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Documents recently released as part of the on-going Pradaxa lawsuits suggest that the manufacturers of the controversial anticoagulant knew that some patients may need medical monitoring for potential bleeding events, but attempted to coverup the clinical data.
The internal emails, documents and memos from the drug maker Boehringer Ingelheim were obtained as part of the discovery process in the federal Pradaxa litigation, and were unsealed last week by U.S. District Judge David R. Herndon.
According to a report by the New York Times, the documents suggest that the drug maker had clinical data showing that some patients metabolize Pradaxa differently than others and might need medical monitoring. However, the lack of a need for medical monitoring was one of the main selling points of the anticopagulant, which was marketed as superior to the decades-old blood thinner warfarin because it is easier to use.
The documents suggest that Boehringer Ingelheim employees were so concerned about the findings of a research paper written by a company clinical program director, Paul. A. Reilly, that some suggested that the public should never hear of such conclusions. That paper was ultimately published last week in the Journal of the American College of Cardiology.
The exchanges show executives and other researchers warning that the paper would undermine much of the Pradaxa marketing campaign. However, others within the company acknowledged that the data was something the public needed to know, but suggested that it had to be released in a “smart” way that did not threaten Pradaxa’s potential sales.
While Reilly’s paper concludes that patients may see better outcomes if doctors tailor Pradaxa doses for specific patient characteristics, the documents reveal that it once said more. The company or researchers appear to have removed references to a patient’s optimal blood-level range, according to the New York Times review.
Boehringer Ingelheim has indicated that the changes were a normal part of the discussion and decisions made about such a paper and that the blood level portions were removed because they concluded that there was not a single blood-level range that applied to all patients.
There are currently about 2,000 product liability lawsuits pending in the federal court system against Boehringer Ingelheim, which all involve similar allegations that side effects of Pradaxa caused users of the anticoagulant to suffer severe and sometimes fatal bleeding problems.
Since August 2012, the federal Pradaxa litigation has been consolidated as part of an MDL, which is centralized before Judge Herndon in the Southern District of Illinois to reduce duplicative discovery, avoid conflicting rulings from different judges and to serve the convenience of the parties, witnesses and the courts.
As part of the coordinated management of the cases, Judge Herndon has scheduled a series of early trial dates in the Pradaxa MDL, known as bellwether cases. These trials are set to begin between August 2014 and February 2015, with the outcomes designed to help the parties gauge how juries are likely respond to certain evidence and testimony that may be repeated throughout a large number of cases.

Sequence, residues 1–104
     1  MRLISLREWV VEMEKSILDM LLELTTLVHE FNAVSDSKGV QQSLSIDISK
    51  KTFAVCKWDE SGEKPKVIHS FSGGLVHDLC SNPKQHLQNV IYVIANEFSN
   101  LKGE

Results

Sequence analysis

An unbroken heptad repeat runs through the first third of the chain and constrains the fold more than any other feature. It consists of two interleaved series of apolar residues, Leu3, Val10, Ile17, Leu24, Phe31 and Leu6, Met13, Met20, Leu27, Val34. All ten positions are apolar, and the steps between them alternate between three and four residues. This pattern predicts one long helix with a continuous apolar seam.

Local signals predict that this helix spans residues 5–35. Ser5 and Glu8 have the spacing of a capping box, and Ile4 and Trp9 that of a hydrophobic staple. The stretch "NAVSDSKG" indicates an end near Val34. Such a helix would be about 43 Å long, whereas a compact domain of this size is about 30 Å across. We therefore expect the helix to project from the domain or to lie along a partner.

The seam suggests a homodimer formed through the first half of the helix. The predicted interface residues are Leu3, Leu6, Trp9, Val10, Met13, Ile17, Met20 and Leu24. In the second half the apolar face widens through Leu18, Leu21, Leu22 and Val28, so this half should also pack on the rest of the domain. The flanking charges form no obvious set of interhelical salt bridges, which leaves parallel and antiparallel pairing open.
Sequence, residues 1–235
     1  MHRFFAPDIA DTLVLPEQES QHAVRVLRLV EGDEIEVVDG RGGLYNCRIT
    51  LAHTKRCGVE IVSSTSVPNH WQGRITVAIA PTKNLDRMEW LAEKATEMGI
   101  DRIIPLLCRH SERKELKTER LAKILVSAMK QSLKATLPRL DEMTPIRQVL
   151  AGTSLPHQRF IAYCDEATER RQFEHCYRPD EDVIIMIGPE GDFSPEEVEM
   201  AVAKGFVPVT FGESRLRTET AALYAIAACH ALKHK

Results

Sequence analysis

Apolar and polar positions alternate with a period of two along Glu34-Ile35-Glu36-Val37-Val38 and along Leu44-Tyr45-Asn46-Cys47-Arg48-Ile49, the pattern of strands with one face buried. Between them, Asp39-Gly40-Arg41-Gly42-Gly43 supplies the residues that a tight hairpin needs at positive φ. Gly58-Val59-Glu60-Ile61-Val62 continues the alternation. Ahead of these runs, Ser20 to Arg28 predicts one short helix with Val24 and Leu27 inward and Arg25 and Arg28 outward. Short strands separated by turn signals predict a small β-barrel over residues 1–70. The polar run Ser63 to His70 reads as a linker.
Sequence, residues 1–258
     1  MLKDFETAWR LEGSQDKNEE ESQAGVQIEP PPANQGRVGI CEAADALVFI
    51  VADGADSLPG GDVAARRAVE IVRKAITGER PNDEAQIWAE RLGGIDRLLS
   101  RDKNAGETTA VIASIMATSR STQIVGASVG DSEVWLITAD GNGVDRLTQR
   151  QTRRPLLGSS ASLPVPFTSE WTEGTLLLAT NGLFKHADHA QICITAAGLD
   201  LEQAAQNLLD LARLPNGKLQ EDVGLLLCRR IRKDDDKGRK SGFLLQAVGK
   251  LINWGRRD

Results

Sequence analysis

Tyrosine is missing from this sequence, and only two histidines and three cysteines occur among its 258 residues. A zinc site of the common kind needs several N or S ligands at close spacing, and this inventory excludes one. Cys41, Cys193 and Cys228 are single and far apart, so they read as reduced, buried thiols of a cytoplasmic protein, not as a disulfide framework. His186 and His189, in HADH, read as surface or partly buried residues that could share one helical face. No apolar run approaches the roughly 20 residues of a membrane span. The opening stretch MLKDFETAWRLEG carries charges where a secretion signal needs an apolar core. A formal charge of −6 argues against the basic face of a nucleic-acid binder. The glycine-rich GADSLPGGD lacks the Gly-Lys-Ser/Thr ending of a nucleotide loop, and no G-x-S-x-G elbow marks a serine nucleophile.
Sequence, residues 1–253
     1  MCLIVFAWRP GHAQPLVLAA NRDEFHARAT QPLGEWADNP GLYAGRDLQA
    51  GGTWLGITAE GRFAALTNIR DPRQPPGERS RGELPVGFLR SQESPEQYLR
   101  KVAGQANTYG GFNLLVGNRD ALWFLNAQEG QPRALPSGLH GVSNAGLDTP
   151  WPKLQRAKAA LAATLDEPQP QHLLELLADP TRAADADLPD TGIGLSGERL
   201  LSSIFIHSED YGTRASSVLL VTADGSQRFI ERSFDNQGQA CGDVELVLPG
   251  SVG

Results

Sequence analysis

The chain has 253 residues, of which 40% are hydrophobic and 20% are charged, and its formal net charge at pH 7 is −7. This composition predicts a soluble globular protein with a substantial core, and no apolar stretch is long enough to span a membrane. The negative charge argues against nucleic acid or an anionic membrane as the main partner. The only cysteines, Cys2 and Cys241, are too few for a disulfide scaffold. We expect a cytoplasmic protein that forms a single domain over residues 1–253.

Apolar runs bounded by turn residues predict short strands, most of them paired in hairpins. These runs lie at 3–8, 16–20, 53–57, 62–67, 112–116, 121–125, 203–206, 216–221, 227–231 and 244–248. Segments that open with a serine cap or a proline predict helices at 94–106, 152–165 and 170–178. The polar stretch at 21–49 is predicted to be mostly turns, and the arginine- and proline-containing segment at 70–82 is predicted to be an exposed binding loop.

The new documents were revealed after Boehringer Ingelheim was sanctioned for about $900,000 for acting in bad faith and hiding or destroying documents that may have been damaging to its case in Pradaxa litigation. Juries will be told about the company’s transgressions when the cases go to trial, Judge Herndon has declared.
Pradaxa Bleeding Concerns
Pradadxa (dabigatran) is a relatively new anticoagulant therapy that was approved by the FDA in October 2010. It was the first member of a new class of medications that are promoted as superior alternatives to warfarin, also known by the brand name Coumadin, for stroke prevention. However, shortly after its introduction, Pradaxa began to rack up a record number of adverse event reports after patients experienced uncontrolled bleeding events.
Warfarin, sold under the brand name Coumadin, has been the go-to anticoagulant for decades. While Pradaxa was promoted as easier to use, because it requires less monitoring by the doctor during treatment, concerns have emerged about the lack of an effective reversal agent to stop the blood thinning effects of the medication.
Unlike warfarin, which can be quickly reversed with a dose of vitamin K and plasma, there is no available reversal agent for Pradaxa. While some studies have shown that the chances of bleeding may be about the same with the two drugs, evidence continues to emerge highlighting how Pradaxa bleeding problems may pose a more serious risk, since hemorrhages are typically harder to stop.
During the first full year the drug was on the market in the United States, the Institute for Safe Medication Practices (ISMP) found that adverse event reports involving Pradaxa problems surpassed all other medications regularly monitored by the group. FDA received at least 3,781 reports involving serious injuries associated with the use of Pradaxa during 2011, including 2,367 reports of hemorrhage and 542 patient deaths.
All of the claims pending throughout the federal court system involve similar allegations and the outcomes of the early bellwether trials may influence Pradaxa settlement negotiations in a number of other cases.